First impression on unpacking the Q702 test unit was the solid feel and clean, minimalist styling.
Square Enix Kingdom Hearts Re:Chain of Memories
When Square Enix re-releases RPG games, they often tread a fine line between creating thoughtful remakes or hatred-inspiring rehashes.
When Square Enix re-releases RPG games, they often tread a fine line between creating thoughtful remakes or hatred-inspiring rehashes. I'm happy to report that Kingdom Hearts Re:Chain of Memories, a PS2 port of a GBA game, falls in the former category — it's a worthy addition to the much beloved franchise as well as a compelling choice for diehard fans as it sheds some much needed light on events from past entries in the Kingdom Hearts franchise. Series noobs, however, might find themselves a little lost in the intricate plot that Kingdom Hearts has spawned thus far.
- Challenging combat, addictive card system, overall game is paced very well
- Frustrating camera makes battles harder than they should be, looks pretty much the exact same as the first Kingdom Hearts game
For people new to this title, Kingdom Hearts Re:Chain of Memories takes place during the timeskip between Kingdom Hearts and KHII. More importantly, the story sheds some light on the origins of Namine, Organization XIII, and why the heck Sora, Donald and Goofy were encased inside of weird bubble capsules prior to the events of Kingdom Hearts II. If you only played the PlayStation 2 KH titles, KH Re:COM ties everything together in one nice big (if slightly convoluted) package.
(Not) A Whole New World
At first glance, Chain of Memories looks a lot like the first Kingdom Hearts, but don't let its aesthetic overhaul fool you. One of the biggest differences between the two is the way the Disney-themed levels are mapped for Sora and company to explore. This time around, each stage is made up of a series of rooms connected through an overworld grid known as Castle Oblivion. The game's battles are still played out in real time as in past KH games but are treated with a card deck scheme, allowing you to choose separate cards for certain attacks and tactics, constantly switching out your cards in order to build the most effective deck for each encounter. Back-tracking through the Castle is also a cinch: defeated enemies don't respawn after their defeat, allowing you to take the time to level grind and explore secret rooms you may have missed the first time around.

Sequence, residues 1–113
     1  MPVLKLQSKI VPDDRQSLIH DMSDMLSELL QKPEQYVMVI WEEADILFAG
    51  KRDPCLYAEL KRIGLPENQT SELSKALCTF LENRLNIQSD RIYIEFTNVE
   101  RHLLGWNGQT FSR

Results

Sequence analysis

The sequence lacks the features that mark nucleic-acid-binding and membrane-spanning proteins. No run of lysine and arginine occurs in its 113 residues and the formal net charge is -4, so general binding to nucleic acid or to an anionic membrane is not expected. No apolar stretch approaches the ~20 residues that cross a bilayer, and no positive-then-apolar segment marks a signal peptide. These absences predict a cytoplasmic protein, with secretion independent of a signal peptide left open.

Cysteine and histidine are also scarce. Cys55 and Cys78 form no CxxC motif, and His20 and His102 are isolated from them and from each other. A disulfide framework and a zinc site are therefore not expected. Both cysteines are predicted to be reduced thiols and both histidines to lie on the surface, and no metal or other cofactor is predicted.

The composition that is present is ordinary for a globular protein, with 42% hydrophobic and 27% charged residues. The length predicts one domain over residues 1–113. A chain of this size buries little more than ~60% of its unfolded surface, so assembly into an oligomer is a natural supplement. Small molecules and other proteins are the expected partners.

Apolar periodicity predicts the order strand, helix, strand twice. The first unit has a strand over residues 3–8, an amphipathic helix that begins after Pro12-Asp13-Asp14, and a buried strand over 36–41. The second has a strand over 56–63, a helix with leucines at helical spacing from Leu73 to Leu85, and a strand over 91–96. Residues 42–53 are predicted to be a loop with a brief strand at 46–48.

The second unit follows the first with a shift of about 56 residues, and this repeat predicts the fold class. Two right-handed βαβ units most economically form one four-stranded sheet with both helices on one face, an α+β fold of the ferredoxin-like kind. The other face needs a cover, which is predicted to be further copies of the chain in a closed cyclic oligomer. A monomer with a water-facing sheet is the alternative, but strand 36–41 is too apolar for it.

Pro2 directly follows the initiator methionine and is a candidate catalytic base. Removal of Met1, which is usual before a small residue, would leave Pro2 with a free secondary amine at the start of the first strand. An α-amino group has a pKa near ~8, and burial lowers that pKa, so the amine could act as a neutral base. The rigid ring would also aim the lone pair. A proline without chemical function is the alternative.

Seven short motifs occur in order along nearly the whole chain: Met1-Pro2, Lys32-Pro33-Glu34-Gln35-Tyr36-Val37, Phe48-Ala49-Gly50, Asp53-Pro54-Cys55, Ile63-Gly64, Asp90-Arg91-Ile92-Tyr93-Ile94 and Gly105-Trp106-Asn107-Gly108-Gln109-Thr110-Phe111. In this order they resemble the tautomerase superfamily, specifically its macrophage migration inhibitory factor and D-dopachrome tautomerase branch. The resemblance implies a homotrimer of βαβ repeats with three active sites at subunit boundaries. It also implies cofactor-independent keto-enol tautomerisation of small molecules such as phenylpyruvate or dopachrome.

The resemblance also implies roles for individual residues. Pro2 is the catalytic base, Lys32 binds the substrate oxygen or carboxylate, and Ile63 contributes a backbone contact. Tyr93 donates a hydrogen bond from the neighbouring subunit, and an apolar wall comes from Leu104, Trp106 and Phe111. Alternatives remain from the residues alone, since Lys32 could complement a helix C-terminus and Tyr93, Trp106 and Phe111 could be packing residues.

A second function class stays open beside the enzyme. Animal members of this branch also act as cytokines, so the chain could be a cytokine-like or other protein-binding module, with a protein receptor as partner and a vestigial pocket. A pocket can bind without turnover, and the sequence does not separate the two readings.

Still, it's obvious that Chain of Memories didn't get as much polish as it could have. New cutscenes, while nice to look at, are sparse and mostly absent of voice acting, and the graphics aren't anywhere near the special effects madness that was present in Kingdom Hearts II. However, my biggest gripe with Chain of Memories was the frustrating lack of a coherent battle camera. Even though it can be manually adjusted with the analog stick, trying to do so while playing attention to hordes of Heartless and your card deck is a downright hassle. If Square Enix more or less fixed the rampant camera issues in Kingdom Hearts II, why couldn't they have spent some time programming those corrections into this release?
King of Hearts, Ace of Keyblades
Even so, the schizophrenic camera may be the least of your worries in Chain of Memories. Even on the easiest difficulty, this game offers a good challenge. At the other end of the scale, it's one the hardest action RPGs you'll ever play. Enemies will often appear in groups, and dodging in real time while choosing the right counter cards takes a fair bit of concentration. Personally, I feel like it's a HUGE step up from the lazy "hit the X button, rinse, repeat" combat of the original Kingdom Hearts. Building decks gets very addictive early on in the game, and with so many cards to collect there was a part of me that wanted to repeat certain areas just for the loot.
Even though it's not a wholly fresh experience, Kingdom Hearts: Re:Chain of Memories is definitely worth a try, especially if you didn't play the original GBA release. There's hours of gameplay in this title (even after beating it once) and the challenge alone should keep things interesting for both hardcore and casual gamers alike. With the series third instalment still a ways off and 2006's sequel a fleeting memory, Chain of Memories may be just what ailing Kingdom Heart addicts need to tide them over until the next release.
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GGG Evaluation Team
For work use, Microsoft Word and Excel programs pre-installed on the device are adequate for preparing short documents.
The Fujitsu LifeBook UH574 allowed for great mobility without being obnoxiously heavy or clunky. Its twelve hours of battery life did not disappoint.
The screen was particularly good. It is bright and visible from most angles, however heat is an issue, particularly around the Windows button on the front, and on the back where the battery housing is located.
My first impression after unboxing the Q702 is that it is a nice looking unit. Styling is somewhat minimalist but very effective. The tablet part, once detached, has a nice weight, and no buttons or switches are located in awkward or intrusive positions.
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